DOI: 10.3923/ajbs.2009.7.13

URL: https://scialert.net/abstract/?doi=ajbs.2009.7.13
 

INTRODUCTION

Neurotoxicants are chemical substances that adversely act on the structure or function of the nervous system and have serious impact on human health. They affect the nervous system in different ways; this depends on the molecular structure of the neurotoxic chemical substance and the specific function and structure of the nervous system tissue (Rodier, 2004). Neurotoxins that act on the Central Nervous System (CNS) impair neurotransmission in the brain and the spinal cord causing confusion, irritability, fatigue and other behavioral changes while neurotoxins that act on the Peripheral Nervous System (PNS) impair neurotransmission in the other biological systems causing weakness, prickling or tingling in the limbs and loss of motor control (Campbell, 1993).

Protein Undernutrition (PU), a wasting malnutrition and simple nutrient deficiency syndrome, is a problem that concerns about half the world’s children (Orbak et al., 1998). PU has been established to affect the brain and impairs its functions. Reports have it that malnutrition imposed during early life not only reduces growth of the brain but also leaves it permanently smaller in size (Levitsky and Strupp, 1995; Adebayo and Adenuga, 2007).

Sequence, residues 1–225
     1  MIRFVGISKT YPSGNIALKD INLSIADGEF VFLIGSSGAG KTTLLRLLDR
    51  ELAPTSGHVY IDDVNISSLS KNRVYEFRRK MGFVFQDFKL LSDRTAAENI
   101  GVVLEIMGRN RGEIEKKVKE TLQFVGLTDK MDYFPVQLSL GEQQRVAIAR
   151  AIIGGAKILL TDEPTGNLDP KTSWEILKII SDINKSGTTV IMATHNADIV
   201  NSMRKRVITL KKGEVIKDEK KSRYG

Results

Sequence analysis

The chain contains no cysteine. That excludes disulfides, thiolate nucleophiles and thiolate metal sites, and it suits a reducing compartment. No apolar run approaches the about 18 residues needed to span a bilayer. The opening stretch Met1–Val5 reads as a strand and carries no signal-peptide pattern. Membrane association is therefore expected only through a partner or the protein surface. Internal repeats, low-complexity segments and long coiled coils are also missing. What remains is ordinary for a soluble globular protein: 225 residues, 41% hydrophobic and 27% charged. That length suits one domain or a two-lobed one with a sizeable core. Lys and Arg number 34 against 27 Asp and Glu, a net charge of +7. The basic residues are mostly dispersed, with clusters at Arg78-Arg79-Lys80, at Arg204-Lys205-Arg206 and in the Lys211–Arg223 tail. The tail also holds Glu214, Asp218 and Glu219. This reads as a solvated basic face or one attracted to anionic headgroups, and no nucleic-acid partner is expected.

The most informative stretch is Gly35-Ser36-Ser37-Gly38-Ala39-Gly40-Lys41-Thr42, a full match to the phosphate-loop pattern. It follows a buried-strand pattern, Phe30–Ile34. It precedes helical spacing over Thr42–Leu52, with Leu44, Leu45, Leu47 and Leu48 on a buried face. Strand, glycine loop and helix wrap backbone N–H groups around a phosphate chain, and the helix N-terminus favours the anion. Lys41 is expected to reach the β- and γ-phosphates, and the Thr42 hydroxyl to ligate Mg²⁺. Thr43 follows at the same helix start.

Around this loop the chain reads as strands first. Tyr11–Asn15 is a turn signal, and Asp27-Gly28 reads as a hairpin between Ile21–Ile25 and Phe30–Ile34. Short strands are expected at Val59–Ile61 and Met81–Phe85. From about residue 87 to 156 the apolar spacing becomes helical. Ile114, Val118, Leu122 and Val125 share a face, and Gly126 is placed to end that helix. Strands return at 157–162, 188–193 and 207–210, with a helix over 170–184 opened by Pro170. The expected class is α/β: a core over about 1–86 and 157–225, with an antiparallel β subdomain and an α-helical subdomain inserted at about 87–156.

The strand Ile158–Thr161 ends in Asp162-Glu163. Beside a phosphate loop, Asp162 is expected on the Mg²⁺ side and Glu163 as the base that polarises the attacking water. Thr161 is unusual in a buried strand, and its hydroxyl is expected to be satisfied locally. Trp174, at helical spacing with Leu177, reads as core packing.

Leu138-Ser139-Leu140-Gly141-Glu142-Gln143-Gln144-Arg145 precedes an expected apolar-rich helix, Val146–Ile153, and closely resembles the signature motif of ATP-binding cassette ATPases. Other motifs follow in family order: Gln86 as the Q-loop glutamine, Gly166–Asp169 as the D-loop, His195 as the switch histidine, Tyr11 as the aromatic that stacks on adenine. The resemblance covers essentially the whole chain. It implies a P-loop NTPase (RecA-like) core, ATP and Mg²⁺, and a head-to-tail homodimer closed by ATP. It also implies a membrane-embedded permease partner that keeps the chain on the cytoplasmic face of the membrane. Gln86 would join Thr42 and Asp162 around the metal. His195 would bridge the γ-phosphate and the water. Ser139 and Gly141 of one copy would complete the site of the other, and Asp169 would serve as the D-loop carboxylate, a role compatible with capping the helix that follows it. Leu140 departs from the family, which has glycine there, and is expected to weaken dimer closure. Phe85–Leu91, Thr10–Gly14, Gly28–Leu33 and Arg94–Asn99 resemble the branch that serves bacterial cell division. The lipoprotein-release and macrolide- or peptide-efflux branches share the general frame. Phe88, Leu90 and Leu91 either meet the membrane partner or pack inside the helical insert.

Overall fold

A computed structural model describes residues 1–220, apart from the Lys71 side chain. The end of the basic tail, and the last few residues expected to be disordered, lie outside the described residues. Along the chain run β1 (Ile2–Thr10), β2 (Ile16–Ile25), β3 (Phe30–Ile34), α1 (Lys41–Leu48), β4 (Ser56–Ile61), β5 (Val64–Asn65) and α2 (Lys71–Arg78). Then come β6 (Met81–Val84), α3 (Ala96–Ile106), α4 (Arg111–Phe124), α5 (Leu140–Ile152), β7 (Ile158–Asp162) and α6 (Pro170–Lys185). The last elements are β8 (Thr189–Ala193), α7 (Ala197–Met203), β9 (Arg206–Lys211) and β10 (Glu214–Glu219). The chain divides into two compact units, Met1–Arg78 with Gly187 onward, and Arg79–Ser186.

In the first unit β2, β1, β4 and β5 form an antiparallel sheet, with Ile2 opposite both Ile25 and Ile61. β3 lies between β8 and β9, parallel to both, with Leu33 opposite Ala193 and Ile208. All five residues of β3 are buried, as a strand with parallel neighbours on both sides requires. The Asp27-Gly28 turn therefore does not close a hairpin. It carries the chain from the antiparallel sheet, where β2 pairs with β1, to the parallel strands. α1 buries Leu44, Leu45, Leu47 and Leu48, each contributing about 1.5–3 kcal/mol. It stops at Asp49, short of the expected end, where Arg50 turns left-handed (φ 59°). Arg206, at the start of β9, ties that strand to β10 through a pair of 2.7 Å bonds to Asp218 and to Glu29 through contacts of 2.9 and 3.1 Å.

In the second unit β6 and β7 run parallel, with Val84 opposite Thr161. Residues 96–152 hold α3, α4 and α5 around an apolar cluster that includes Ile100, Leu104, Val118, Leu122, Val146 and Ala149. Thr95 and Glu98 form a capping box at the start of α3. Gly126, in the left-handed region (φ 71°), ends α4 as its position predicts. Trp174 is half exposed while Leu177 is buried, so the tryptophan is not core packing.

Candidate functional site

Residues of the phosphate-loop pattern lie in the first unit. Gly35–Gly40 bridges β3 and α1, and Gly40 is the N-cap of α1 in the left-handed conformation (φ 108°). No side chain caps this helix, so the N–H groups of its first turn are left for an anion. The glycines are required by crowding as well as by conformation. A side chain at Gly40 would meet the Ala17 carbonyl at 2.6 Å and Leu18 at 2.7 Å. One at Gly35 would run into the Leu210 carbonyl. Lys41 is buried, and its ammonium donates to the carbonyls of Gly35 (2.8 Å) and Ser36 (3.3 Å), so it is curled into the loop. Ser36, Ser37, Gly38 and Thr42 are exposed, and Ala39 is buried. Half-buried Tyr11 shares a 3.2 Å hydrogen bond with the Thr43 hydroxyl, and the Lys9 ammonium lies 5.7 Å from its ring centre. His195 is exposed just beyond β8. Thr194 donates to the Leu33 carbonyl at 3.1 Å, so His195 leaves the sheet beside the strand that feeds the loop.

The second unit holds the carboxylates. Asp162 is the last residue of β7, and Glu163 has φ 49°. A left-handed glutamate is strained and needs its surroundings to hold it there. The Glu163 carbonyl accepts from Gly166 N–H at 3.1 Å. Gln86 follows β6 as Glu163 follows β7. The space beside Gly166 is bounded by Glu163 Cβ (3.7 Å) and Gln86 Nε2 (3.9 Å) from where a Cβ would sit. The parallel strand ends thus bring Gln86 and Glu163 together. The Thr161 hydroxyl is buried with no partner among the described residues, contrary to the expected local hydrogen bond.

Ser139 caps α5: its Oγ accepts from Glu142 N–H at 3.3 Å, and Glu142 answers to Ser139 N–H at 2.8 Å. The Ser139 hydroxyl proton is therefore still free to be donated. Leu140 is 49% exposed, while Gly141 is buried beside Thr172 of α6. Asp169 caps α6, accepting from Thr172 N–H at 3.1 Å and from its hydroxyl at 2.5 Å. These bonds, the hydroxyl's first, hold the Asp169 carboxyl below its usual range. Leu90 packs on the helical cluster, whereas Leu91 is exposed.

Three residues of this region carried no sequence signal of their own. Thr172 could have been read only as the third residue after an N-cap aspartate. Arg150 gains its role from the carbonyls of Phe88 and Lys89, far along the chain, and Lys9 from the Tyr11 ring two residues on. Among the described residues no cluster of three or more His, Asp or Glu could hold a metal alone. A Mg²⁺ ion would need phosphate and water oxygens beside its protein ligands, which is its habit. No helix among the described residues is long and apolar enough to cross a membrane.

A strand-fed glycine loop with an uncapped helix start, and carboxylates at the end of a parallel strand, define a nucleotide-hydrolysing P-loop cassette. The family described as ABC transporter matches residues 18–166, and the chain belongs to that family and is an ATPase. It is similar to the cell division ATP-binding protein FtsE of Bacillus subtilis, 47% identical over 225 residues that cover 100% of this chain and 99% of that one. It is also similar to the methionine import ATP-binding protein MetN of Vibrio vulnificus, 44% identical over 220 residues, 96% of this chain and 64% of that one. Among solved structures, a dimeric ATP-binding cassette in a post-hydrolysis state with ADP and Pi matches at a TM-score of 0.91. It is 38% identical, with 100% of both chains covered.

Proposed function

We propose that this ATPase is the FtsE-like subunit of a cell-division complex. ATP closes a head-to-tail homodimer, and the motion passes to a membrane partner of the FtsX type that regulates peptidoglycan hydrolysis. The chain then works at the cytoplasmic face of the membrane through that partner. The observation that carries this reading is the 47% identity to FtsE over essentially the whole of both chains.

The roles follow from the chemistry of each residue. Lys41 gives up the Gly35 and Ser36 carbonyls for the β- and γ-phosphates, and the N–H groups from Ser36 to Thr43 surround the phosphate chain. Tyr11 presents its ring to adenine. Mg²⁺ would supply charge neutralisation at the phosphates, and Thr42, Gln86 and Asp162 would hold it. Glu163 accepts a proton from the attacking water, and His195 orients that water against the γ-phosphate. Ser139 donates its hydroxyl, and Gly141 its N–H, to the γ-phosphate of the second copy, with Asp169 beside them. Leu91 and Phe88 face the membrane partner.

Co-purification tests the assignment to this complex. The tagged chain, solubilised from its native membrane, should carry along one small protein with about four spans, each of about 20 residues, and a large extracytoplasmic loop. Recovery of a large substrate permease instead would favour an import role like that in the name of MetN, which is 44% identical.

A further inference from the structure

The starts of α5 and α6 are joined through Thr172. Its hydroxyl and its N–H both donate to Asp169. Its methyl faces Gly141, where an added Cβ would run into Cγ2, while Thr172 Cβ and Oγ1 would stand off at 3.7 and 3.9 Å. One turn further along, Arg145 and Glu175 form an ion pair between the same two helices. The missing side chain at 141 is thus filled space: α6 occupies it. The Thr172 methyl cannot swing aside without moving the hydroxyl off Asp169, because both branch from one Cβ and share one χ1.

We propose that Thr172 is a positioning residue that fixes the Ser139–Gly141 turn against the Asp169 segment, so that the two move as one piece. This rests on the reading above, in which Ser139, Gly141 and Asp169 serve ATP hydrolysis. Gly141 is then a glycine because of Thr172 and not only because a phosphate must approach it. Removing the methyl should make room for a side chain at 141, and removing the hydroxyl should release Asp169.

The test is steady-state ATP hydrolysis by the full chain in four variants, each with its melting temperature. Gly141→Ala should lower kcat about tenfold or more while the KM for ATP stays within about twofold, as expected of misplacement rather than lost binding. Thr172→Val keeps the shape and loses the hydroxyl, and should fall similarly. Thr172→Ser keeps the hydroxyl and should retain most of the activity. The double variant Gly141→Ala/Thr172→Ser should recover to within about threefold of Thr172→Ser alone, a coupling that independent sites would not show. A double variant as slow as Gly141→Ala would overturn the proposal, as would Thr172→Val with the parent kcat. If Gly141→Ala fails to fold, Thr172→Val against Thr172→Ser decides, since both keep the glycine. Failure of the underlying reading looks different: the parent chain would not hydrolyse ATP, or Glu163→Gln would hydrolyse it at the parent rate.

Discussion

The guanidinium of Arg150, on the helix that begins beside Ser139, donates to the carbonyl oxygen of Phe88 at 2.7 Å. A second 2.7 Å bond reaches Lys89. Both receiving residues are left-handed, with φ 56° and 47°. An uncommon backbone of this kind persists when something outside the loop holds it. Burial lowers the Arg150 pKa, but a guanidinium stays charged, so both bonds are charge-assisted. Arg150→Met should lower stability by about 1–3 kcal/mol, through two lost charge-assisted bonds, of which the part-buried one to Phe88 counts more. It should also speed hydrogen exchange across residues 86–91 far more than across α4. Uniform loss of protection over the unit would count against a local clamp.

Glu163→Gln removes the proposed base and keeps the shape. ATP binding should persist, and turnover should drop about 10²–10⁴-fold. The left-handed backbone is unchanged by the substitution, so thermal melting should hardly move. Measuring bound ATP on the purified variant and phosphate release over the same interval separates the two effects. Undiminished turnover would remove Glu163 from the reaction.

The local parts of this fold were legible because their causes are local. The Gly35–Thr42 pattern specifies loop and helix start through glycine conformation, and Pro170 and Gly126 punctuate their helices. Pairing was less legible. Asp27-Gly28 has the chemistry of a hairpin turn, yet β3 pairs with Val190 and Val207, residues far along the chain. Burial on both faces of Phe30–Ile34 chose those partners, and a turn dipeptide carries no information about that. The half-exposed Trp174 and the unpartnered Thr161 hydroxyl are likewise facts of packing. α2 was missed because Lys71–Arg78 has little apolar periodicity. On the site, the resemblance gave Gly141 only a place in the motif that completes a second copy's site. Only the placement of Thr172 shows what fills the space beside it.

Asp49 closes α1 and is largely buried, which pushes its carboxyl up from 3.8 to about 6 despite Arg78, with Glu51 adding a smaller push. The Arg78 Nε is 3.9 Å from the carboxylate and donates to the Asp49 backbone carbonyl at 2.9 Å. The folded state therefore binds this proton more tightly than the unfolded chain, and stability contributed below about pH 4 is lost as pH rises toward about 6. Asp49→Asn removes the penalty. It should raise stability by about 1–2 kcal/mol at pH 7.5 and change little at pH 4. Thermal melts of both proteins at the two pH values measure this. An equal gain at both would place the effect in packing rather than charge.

Despite numerous reports on the fact that PU impairs brain function and so is suspected to be neurotoxic, it is not known whether PU affects the brain by the same mechanism as those of well known chemical neurotoxins such as potassium cyanide, lead, phenobarbital and DDT.

Lead (Pb) is recognized as a serious threat to human health because it affects both the CNS and PNS . Its effects include acute encephalopathy and peripheral motor neuropathy (Donovick and Burright, 1992; El-Sokkary et al., 2003). Pb has direct neurotoxicological effects on the CNS; such as decreased synapse growth and density, impaired neuron growth, impaired neuronal differentiation, induced glial cell development and altered neurochemical signals (Minnema, 1992).

Cyanide, another well-known neurotoxicant, affects the corporal striata, hippocampus, cortical gray matter and substantia nigra part of the brain (Odunuga et al., 1998). Its neurotoxic effect was also observed in the structure and function of neuronal cells (Ardelt et al., 1994).